The students in Intro to Poetry read scared. They started the semester twitchy as rabbits. Poetry made them feel stupid. No, let’s be more specific: being asked to explain poetry made them anticipate humiliation. Their baggage from their high school English classes led them to expect, reasonably or not, that they had to be experts already, that they would be chastised in front of one another and punished with bad grades for not already knowing as much as their teachers did. They felt like newly licensed drivers trying to merge onto a freeway from a stop sign.
Before they could get anywhere with poetry, they had to embrace being beginners. Not to accept that they were beginners–some of them weren’t–but deliberately to become beginners. I didn’t want them to perform their expertise in my classroom. I wanted them to read with curiosity. I wanted them to encounter each poem we read together with questions like What is this? What does it do? How am I experiencing it? I urged the students to wait until they had read with beginner’s eyes, at least once through, before asking questions like What is my judgment upon this?
Reading with some approximation of the Buddhist concept of beginner’s mind is something I’ve been fairly good at since I first began teaching–it’s almost impossible to comment usefully on student writing without it–but the Intro to Poetry course forced me to model this kind of reading so assiduously that I have found it difficult ever since to read creative work, or even watch movies, in the mode of a judge in the sentencing phase of a criminal trial.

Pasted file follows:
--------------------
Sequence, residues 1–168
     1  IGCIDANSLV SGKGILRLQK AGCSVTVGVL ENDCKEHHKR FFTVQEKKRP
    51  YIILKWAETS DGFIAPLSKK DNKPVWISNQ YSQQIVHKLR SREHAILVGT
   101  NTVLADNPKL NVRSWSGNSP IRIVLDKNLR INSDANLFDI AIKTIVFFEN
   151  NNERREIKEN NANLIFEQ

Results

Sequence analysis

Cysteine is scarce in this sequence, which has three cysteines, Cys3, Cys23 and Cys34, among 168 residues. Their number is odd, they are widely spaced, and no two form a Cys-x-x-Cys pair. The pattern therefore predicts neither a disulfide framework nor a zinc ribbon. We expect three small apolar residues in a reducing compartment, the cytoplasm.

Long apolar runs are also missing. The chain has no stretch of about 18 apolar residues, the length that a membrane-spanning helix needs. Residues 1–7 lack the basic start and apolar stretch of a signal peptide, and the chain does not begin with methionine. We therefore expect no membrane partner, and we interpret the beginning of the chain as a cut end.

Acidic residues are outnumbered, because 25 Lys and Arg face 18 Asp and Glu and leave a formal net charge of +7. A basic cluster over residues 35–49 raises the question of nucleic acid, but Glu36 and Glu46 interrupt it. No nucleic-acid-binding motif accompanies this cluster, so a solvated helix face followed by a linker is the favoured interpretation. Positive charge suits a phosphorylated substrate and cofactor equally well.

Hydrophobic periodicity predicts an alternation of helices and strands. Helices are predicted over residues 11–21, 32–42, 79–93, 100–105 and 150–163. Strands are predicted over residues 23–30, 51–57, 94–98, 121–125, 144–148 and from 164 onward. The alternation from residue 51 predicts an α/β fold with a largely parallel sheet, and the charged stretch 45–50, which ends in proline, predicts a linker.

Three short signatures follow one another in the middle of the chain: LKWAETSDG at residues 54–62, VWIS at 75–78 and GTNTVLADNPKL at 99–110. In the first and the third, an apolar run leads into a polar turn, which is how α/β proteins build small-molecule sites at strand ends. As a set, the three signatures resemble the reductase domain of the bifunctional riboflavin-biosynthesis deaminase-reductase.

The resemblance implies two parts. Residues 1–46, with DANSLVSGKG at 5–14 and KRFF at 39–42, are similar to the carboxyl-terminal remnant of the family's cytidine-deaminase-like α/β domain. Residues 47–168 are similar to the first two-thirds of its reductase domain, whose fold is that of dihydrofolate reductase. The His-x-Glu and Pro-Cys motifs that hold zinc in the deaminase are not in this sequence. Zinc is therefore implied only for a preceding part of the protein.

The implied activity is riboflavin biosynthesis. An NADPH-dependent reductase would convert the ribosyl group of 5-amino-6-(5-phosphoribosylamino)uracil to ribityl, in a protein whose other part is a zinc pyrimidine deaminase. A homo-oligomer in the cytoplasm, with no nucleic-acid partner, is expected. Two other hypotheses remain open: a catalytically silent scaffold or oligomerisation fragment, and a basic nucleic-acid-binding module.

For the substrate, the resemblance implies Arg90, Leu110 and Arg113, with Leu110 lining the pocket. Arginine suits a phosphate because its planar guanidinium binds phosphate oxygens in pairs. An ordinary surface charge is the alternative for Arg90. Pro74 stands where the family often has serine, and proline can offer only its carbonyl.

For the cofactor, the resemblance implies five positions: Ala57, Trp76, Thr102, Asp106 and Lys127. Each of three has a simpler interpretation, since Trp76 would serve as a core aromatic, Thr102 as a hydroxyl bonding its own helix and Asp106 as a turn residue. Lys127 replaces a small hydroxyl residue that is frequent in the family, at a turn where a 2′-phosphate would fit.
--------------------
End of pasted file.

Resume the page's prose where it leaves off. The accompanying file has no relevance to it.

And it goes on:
I watched Peter Jackson’s first installment of The Hobbit in an intermittent state of beginner’s mind, and my experience of it was so different from that of the film critics whose reviews I have seen since, one might think I’d seen a different film.
Professional film reviewers have no choice but to rush to judgment. They have to conclude something before the rest of us ask whether the ticket is worth our money. Fair enough, that’s their job. The more serious amateur reviewers, if they’re to have any relevance, have to say their piece early, too. The rest of us could ruminate if we wanted to, but Internet conversation runs on its own version of the 24-hour news cycle. Who wants to chime in when the discussion’s already over?
And if your own opinion isn’t quite cooked yet, well, you have the option of pointing to the box office figures and letting the market decide for you. Biggest box office gross ever for an opening right before Christmas? Smaller gross than the studio money men anticipated? Whichever bit of news you happen to come across, the media invite you to take it as a judgment on the merits of the film.